Windows API – The Windows API refers to the core set of application programming interfaces available in the Microsoft Windows operating systems. It is designed for usage by C/C++ programs and is the most direct way to interact with a Windows system for software applications. Lower level access to a Windows system, mostly required for device drivers, is provided by the Native API in current versions of Windows.
Windows Forms – Windows Forms refers to the GUI portion of the Microsoft .NET development framework, providing access to the native Windows widgets by wrapping the existing Win32 API in managed code.
Windows NT – Windows NT, where NT means New Technology, is a family of Microsoft’s 32-bit operating system first released in July 1993 and Windows NT 3.1. NT was designed for high end workstations and servers. It was originally designed to be a powerful high-level language-based processor-independent multiprocessing multiuser operating system with features comparable to Unix to complement workstation versions of Windows that were based on MS-DOS until 2001. It was the first 32-bit version of Windows. Windows XP and Windows Server 2003 are the latest versions of Windows NT.
Windows Server System – Windows Server System is an integrated set of server software from Microsoft. It forms the infrastructure for operating the back end of an information technology system. Microsoft divides its server offerings into four major categories: “Security”, “IT Operations”, “Applications”, and “Collaboration”. Many of the products integrate deeply with Visual Studio to help software developers and designers build solutions using familiar tools.
Windows XP – Windows XP is a line of operating systems developed by Microsoft for use on general-purpose computer systems, including home and business desktops, notebook computers, and media centers. Windows XP is the successor to both Windows 2000 and Windows Me, and is the first consumer-oriented operating system produced by Microsoft to be built on the Windows NT kernel and architecture. With the release of Windows XP, the Windows 95/98 architecture was finally discontinued. Windows XP was first released on October 25, 2001.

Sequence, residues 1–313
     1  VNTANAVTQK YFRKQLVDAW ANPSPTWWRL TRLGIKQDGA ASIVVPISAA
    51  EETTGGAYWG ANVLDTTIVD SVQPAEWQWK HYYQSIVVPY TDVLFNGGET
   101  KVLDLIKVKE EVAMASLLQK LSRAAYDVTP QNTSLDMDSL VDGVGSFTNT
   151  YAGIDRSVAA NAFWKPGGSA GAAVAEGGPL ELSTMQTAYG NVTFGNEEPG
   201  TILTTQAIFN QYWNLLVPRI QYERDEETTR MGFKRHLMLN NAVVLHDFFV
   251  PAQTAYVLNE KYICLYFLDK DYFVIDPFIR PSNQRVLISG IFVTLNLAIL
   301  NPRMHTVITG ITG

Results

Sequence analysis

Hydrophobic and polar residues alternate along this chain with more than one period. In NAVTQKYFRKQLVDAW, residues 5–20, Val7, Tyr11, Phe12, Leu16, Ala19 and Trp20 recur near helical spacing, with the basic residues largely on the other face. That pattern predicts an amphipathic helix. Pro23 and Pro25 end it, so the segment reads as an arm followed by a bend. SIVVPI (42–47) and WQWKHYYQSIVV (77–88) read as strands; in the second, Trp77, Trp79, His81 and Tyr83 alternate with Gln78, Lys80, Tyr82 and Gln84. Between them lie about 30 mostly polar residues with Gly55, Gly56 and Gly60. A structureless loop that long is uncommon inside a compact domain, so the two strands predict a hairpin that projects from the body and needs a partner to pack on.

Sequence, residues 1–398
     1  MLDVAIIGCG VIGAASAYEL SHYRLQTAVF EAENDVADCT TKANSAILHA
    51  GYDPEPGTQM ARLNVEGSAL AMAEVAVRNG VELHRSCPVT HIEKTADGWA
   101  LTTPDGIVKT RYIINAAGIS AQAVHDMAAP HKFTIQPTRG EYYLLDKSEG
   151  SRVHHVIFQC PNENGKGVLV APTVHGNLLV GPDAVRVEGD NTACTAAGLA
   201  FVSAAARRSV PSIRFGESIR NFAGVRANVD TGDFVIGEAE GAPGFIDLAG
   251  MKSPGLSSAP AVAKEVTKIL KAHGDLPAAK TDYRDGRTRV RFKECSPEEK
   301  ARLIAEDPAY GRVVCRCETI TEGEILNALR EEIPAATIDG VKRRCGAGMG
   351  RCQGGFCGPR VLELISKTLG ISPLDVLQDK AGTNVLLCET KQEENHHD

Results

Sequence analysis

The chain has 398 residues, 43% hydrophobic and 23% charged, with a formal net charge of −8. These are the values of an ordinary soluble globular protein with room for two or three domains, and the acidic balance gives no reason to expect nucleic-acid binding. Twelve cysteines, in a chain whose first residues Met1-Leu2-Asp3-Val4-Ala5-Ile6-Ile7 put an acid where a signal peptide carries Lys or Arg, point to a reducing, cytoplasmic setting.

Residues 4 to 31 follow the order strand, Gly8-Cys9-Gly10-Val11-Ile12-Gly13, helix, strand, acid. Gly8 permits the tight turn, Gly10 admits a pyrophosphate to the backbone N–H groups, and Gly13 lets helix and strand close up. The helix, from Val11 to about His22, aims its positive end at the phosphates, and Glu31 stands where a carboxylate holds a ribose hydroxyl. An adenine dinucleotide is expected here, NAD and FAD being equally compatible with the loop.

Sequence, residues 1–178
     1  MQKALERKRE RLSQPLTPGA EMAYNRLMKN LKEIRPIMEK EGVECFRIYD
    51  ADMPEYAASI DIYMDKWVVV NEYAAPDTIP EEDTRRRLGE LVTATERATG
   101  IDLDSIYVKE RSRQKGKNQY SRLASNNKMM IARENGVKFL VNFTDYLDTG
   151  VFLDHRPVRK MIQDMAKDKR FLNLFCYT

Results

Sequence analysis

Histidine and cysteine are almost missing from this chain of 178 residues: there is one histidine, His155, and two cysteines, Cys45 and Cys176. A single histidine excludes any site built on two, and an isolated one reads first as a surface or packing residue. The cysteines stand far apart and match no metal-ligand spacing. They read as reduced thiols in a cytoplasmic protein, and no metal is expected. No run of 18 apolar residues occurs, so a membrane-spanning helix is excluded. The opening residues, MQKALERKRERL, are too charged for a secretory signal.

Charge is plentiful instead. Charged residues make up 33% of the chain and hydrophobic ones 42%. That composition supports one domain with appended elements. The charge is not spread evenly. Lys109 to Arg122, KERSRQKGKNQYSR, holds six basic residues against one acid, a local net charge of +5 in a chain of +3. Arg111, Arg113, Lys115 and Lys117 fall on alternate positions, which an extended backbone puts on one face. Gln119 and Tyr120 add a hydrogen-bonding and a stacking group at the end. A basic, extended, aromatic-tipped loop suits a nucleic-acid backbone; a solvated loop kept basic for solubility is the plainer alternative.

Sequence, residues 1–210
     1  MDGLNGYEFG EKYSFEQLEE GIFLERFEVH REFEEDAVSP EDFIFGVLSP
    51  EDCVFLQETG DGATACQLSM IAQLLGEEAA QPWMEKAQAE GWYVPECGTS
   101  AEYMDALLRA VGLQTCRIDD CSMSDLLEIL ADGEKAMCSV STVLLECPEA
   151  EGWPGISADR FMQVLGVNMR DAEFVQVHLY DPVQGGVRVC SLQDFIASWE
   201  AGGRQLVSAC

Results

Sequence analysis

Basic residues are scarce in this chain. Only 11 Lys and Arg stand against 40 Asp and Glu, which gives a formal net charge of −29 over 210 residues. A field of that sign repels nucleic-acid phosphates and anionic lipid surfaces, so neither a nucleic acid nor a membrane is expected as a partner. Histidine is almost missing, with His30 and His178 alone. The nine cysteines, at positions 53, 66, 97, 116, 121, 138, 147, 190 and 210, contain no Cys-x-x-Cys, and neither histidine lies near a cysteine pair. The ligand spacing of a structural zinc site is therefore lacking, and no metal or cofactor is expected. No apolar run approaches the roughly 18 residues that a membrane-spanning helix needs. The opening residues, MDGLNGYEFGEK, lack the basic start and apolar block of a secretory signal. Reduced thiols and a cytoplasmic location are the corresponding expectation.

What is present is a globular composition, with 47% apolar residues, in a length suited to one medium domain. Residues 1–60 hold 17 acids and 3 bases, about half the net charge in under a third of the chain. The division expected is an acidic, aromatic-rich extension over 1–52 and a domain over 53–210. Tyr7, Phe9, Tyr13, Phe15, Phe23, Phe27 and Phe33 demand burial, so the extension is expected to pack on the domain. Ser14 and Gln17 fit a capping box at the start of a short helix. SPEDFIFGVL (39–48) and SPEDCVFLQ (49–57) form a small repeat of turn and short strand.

Wine Software – WINE Software, a free software released under the GNU Lesser General Public License (LGPL), allows a PC running a Unix-like operating system and the X Window System to execute programs originally written for Microsoft Windows. Alternately, those wishing to port a Windows application to a Unix-like system can compile it against the Wine libraries. The name ‘Wine’derives from the recursive acronym “Wine Is Not an Emulator”, or “WINdows Emulator”. While the name sometimes appears in the forms “WINE” and “wine”, the project developers have agreed to standardize on the form “Wine”.
WinG – WinG is an API to provide fast graphics performance on Windows 3.1. It was later built-in to Windows 95. In Win32, the equivalent of WinG functionality is provided via API calls such as CreateDIBSection(), SetDIBColorTable(), BitBlt(), and StretchBlt().